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Embargoed until 8:00 a.m. MT, February 20, 2014
2014 Multidisciplinary Head and Neck Cancer Symposium
News Briefing, Friday, February 21, 2014, 7:00 a.m. Mountain time
Scientific Session: Friday, February 21, 2014, 10:30 a.m. – 12:00 p.m. MT, Arizona Ballroom A-G, JW Marriott Camelback Inn Resort and Spa
12 A Multicenter Experience in Contralateral Submandibular Gland Sparing in Head and Neck Radiotherapy: An Assessment of Feasibility and Safety
T. Robin1, G. Gan1, M. Tam2, D. Westerly1, J. Raben1, N. Riaz2, N. Lee2, D. Raben1, 1University of Colorado, Denver, CO, 2Memorial Sloan-Kettering Cancer Center, New York, NY
Background: Radiotherapy (RT) for head and neck cancer (HNC) treatment is associated with significant lifelong morbidity. Xerostomia, in particular, is a common side effect of HNC RT and it has a significant long-term impact on patient quality of life. In addition to discomfort, xerostomia is associated with poor oral and dental health as well as speech and swallowing. Long-term HNC RT side effects are of more concern now than ever as the epidemiology of HNC is changing with more younger, HPV-positive patients, many of whom will become long-term survivors of HNC. For many years, parotid gland sparing has been practiced to mitigate xerostomia, yet it is well established that although the parotid glands play a major role in stimulated saliva production, it is the submandibular glands that are responsible for the majority of un-stimulated salivary flow. Based on established head and neck lymph drainage patterns, it has been proposed that the contralateral submandibular gland (cSMG) can be spared in many HNC patients, regardless of nodal status, but there is a substantial lack of outcome data for patients treated with cSMG-sparing plans.
Methods and Materials: We retrospectively analyzed patients who were treated with cSMG-sparing techniques at the University of Colorado Cancer Center and at the Memorial Sloan Kettering Cancer Center. cSMG doses less than or equal to 39Gy were considered spared glands. Only patients receiving treatment to the bilateral neck were included in the analysis. Patients were not excluded based on T or N stages or overall stage.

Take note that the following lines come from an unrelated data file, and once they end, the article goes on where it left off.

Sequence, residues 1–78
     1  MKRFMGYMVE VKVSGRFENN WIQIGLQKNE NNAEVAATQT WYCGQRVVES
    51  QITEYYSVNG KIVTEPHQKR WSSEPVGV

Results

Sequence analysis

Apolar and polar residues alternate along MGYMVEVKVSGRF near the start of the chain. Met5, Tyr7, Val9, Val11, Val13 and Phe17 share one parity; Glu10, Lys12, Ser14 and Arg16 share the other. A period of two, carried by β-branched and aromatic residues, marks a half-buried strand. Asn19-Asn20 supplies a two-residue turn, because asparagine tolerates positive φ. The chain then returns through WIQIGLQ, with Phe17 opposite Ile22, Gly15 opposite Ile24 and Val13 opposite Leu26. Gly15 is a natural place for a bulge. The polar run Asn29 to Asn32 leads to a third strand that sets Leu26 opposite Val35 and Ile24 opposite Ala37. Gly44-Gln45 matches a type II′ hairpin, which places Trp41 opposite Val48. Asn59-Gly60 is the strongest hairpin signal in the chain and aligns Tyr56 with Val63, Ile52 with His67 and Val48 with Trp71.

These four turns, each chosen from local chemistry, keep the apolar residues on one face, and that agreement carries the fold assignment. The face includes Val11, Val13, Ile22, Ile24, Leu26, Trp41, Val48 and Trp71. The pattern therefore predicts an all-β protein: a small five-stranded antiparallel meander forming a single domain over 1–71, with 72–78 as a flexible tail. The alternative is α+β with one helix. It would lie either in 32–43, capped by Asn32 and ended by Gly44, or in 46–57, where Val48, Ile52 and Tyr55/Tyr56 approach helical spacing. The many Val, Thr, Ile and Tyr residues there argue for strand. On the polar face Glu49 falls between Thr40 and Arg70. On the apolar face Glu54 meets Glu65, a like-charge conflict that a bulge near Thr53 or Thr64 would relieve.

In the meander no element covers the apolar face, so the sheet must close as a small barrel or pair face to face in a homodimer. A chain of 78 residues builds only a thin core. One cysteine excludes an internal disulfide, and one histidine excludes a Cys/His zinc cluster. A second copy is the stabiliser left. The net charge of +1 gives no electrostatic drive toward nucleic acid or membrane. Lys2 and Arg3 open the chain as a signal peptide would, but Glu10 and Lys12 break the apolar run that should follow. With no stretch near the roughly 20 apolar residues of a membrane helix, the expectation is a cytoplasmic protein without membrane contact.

Results: We identified 82 patients who were treated with cSMG-sparing treatment plans, with a median age of 56 years. Fifty percent of the patients were current or former smokers. The majority of patients had primary tonsil cancers (48 of 82 patients), followed by base of tongue lesions (BOT) (30 of 82 patients). Eleven patients had T3 or T4 tumors, 65 patients had N2 or N3 disease, and 80 patients had overall stage III or IV disease. Eighty patients were treated with concurrent chemoradiation therapy using intensity modulated techniques. The mean dose to the cSMG was 32.54Gy and at a median follow-up of 27.4 months there were no patients who had recurrences in the contralateral level Ib lymph nodes.
Conclusions: This is one of the largest series reporting on submandibular sparing in locally advanced HNC. These results are preliminary evidence that cSMG-sparing is feasible technically, and that cSMG-sparing is safe even in advanced stage, node positive cancers as well as in BOT lesions. These outcome data offer significant promise for decreasing morbidity in HNC patients, especially young, HPV-positive patients who will in many cases go on to live decades beyond their definitive cancer treatment.
Author Disclosure Block: T. Robin: None. G. Gan: None. M. Tam: None. D. Westerly: None. J. Raben: None. N. Riaz: None. N. Lee: None. D. Raben: None.